PubMed Abstract | CrossRef Full Text | Google Scholar

Parsons, C. G., Stöffler, A., and Danysz, W. (2007). Memantine: a NMDA receptor antagonist that improves memory by restoration of homeostasis in the glutamatergic system – Too little activation is bad, too much is even worse. Neuropharmacology 53, 699–723. doi: 10.1016/j.neuropharm.2007.07.013

PubMed Abstract | CrossRef Full Text | Google Scholar

Patel, L., and Grossberg, G. (2011). Combination therapy for Alzheimer’s disease. Drugs Aging 28, 539–546. doi: 10.2165/11591860-000000000-00000

PubMed Abstract | CrossRef Full Text | Google Scholar

Paterlini, M., Valerio, A., Baruzzi, F., Memo, M., and Spano, P. (1998). Opposing regulation of tau protein levels by ionotropic and metabotropic glutamate receptors in human NT2 neurons. Neurosci. Lett. 243, 77–80. doi: 10.1016/S0304-3940(98)00087-1

PubMed Abstract | CrossRef Full Text | Google Scholar

Pérez-Otaño, I., Larsen, R. S., and Wesseling, J. F. (2016). Emerging roles of GluN3-containing NMDA receptors in the CNS. Nat. Rev. Neurosci. 17, 623–635. doi: 10.1038/nrn.2016.92

PubMed Abstract | CrossRef Full Text | Google Scholar

Perez-Otano, I., Schulteis, C. T., Contractor, A., Lipton, S. A., Trimmer, J. S., Sucher, N. J., et al. (2001). Assembly with the NR1 subunit is required for surface expression of NR3A-containing NMDA receptors. J. Neurosci. 21, 1228–1237. doi: 10.1523/JNEUROSCI.21-04-01228.2001

PubMed Abstract | CrossRef Full Text | Google Scholar

Perszyk, R. E., DiRaddo, J. O., Strong, K. L., Low, C. M., Ogden, K. K., Khatri, A., et al. (2016). GluN2D-containing N-methyl-D-Aspartate receptors mediate synaptic transmission in hippocampal interneurons and regulate interneuron activity. Mol. Pharmacol. 90, 689–702. doi: 10.1124/mol.116.105130

PubMed Abstract | CrossRef Full Text | Google Scholar

Petralia, R. S., Al-Hallaq, R. A., and Wenthold, R. J. (2009). “Trafficking and targeting of NMDA receptors,” in Biology of the NMDA Receptor, Chap. 8, ed. A. M. VanDongen (Boca Raton, FL: CRC Press/Taylor & Francis).

Google Scholar

Pierson, T. M., Yuan, H., Marsh, E. D., Fuentes-Fajardo, K., Adams, D. R., Markello, T., et al. (2014). GRIN2A mutation and early-onset epileptic encephalopathy: personalized therapy with memantine. Ann. Clin. Trans. Neurol. 1, 190–198. doi: 10.1002/acn3.39

PubMed Abstract | CrossRef Full Text | Google Scholar

Prybylowski, K., Fu, Z., Losi, G., Hawkins, L. M., Luo, J., Chang, K., et al. (2002). Relationship between availability of NMDA receptor subunits and their expression at the synapse. J. Neurosci. 22, 8902–8910. doi: 10.1523/JNEUROSCI.22-20-08902.2002

PubMed Abstract | CrossRef Full Text | Google Scholar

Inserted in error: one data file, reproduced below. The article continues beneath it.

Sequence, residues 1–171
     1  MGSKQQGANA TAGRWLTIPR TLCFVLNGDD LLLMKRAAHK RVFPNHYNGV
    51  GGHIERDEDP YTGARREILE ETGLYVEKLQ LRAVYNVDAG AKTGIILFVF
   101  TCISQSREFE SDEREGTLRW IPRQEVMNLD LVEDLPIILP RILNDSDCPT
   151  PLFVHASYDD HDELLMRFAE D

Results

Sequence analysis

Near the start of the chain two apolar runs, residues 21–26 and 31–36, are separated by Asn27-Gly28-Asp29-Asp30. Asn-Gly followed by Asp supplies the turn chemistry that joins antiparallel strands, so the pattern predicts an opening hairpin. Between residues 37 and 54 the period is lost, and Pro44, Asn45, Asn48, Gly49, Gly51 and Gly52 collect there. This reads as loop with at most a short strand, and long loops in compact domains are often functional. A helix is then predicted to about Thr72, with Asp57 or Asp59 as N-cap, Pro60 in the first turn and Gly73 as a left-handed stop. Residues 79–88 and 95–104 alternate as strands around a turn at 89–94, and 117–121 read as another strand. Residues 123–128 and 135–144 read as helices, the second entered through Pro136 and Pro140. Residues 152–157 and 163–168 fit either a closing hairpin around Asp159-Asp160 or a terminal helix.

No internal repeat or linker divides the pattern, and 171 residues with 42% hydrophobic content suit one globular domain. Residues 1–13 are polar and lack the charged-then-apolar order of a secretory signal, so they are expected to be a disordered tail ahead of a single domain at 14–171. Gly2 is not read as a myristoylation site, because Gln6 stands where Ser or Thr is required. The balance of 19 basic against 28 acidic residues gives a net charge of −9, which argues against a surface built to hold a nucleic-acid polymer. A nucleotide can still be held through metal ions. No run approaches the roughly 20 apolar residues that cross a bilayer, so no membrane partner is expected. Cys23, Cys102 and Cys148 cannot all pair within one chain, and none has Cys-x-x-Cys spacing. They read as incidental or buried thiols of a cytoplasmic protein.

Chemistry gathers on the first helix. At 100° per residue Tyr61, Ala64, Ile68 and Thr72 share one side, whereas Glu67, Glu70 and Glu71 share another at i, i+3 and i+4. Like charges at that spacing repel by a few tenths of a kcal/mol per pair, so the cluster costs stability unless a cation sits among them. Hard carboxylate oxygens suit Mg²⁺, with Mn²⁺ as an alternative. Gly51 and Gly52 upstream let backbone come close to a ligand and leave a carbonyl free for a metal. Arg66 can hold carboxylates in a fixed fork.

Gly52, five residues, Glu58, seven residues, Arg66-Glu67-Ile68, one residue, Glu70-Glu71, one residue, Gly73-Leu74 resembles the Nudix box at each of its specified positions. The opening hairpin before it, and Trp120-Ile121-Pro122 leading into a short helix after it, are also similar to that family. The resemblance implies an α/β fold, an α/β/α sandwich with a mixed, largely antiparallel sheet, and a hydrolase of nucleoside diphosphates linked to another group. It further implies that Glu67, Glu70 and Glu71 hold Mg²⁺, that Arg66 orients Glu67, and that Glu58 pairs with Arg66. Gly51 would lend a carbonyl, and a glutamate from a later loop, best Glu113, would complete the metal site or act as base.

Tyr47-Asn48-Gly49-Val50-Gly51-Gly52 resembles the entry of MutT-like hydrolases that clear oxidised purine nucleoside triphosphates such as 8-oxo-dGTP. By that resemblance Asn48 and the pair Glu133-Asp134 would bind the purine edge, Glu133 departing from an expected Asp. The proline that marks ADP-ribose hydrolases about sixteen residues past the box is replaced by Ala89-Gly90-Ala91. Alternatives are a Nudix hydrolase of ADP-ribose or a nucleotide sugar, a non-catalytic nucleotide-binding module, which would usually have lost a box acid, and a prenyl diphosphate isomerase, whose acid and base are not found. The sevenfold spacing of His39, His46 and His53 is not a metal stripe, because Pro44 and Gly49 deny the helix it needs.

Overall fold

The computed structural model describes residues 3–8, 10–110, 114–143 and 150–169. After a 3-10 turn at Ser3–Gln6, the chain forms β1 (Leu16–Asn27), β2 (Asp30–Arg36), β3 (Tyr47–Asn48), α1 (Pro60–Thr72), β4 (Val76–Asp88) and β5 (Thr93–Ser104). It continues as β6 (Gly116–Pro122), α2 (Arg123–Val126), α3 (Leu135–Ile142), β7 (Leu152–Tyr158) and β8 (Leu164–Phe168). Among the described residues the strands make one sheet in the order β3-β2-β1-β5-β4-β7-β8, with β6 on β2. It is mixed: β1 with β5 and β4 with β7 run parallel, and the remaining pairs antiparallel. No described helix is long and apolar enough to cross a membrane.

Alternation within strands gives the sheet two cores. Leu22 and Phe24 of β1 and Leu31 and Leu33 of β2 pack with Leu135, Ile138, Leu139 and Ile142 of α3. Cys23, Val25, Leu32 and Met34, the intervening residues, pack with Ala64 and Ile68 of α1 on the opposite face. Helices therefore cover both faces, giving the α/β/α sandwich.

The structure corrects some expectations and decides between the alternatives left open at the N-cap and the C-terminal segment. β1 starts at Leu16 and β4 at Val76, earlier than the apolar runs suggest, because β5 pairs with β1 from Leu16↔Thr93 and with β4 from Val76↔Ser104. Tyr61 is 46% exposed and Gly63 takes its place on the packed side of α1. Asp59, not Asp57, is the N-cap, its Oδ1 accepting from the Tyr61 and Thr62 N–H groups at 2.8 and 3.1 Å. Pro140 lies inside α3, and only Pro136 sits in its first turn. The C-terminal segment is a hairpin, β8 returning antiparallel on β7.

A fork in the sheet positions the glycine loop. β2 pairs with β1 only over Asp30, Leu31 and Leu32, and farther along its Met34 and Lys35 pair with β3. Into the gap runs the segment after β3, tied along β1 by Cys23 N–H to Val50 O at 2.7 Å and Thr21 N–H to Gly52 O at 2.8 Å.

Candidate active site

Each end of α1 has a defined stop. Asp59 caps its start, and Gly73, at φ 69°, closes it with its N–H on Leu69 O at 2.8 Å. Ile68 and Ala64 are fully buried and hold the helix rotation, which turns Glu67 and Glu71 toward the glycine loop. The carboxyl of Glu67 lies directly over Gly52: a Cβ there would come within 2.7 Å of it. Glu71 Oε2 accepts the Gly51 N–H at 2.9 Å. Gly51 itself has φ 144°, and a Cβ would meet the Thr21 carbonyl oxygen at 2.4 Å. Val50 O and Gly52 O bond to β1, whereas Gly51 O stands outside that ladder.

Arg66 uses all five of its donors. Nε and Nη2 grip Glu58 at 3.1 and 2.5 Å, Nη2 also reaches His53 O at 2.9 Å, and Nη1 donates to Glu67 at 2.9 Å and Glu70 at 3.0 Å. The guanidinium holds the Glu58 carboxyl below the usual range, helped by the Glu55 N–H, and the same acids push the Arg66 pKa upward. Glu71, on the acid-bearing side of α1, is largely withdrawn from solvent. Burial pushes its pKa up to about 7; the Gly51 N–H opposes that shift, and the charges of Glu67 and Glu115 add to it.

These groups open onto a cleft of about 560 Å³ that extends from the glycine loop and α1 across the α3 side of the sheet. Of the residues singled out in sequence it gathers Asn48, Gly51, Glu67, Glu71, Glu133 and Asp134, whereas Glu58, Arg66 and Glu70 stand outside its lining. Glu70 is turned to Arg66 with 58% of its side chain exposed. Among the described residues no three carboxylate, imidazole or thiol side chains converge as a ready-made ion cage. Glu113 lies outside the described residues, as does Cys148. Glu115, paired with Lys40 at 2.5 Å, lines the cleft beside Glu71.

Puzzo, D., Privitera, L., Leznik, E., Fa, M., Staniszewski, A., Palmeri, A., et al. (2008). Picomolar amyloid- positively modulates synaptic plasticity and memory in hippocampus. J. Neurosci. 28, 14537–14545. doi: 10.1523/JNEUROSCI.2692-08.2008

PubMed Abstract | CrossRef Full Text | Google Scholar

Raveendran, R., Devi Suma, Priya, S., Mayadevi, M., Steephan, M., Santhoshkumar, T. R., et al. (2009). Phosphorylation status of the NR2B subunit of NMDA receptor regulates its interaction with calcium/calmodulin-dependent protein kinase II. J. Neurochem. 110, 92–105. doi: 10.1111/j.1471-4159.2009.06108.x

PubMed Abstract | CrossRef Full Text | Google Scholar

Regan, M. C., Grant, T., McDaniel, M. J., Karakas, E., Zhang, J., Traynelis, S. F., et al. (2018). Structural mechanism of functional modulation by gene splicing in NMDA receptors. Neuron 98, 521.e3–529.e3. doi: 10.1016/j.neuron.2018.03.034

PubMed Abstract | CrossRef Full Text | Google Scholar

Regan, M. C., Romero-Hernandez, A., and Furukawa, H. (2015). A structural biology perspective on NMDA receptor pharmacology and function. Curr. Opin. Struct. Biol. 33, 68–75. doi: 10.1016/j.sbi.2015.07.012

PubMed Abstract | CrossRef Full Text | Google Scholar

Reisberg, B., Doody, R., Stöffler, A., Schmitt, F., Ferris, S., and Möbius, H. J. (2003). Memantine in moderate-to-severe Alzheimer’s disease. New. Engl. J. Med. 348, 1333–1341. doi: 10.1056/NEJMoa013128

PubMed Abstract | CrossRef Full Text | Google Scholar

Reynolds, C. H., Garwood, C. J., Wray, S., Price, C., Kellie, S., Perera, T., et al. (2008). Phosphorylation regulates tau interactions with src homology 3 domains of phosphatidylinositol 3-kinase, phospholipase Cγ1, Grb2, and Src family kinases. J. Biol. Chem. 283, 18177–18186. doi: 10.1074/jbc.M709715200

PubMed Abstract | CrossRef Full Text | Google Scholar

Rice, L., and Bisdas, S. (2017). The diagnostic value of FDG and amyloid PET in Alzheimer’s disease-a systematic review. Eur. J. Radiol. 94, 16–24. doi: 10.1016/j.ejrad.2017.07.014

PubMed Abstract | CrossRef Full Text | Google Scholar

Roberson, E. D., Scearce-Levie, K., Palop, J. J., Yan, F., Cheng, I. H., Wu, T., et al. (2007). Reducing endogenous tau ameliorates amyloid-induced deficits in an Alzheimer’s disease mouse model. Science 316, 750–754. doi: 10.1126/science.1141736

PubMed Abstract | CrossRef Full Text | Google Scholar

Roberts, A. C., Díez-García, J., Rodriguiz, R. M., López, I. P., Luján, R., Martínez-Turrillas, R., et al. (2009). Downregulation of NR3A-containing NMDARs is required for synapse maturation and memory consolidation. Neuron 63, 342–356. doi: 10.1016/j.neuron.2009.06.016

PubMed Abstract | CrossRef Full Text | Google Scholar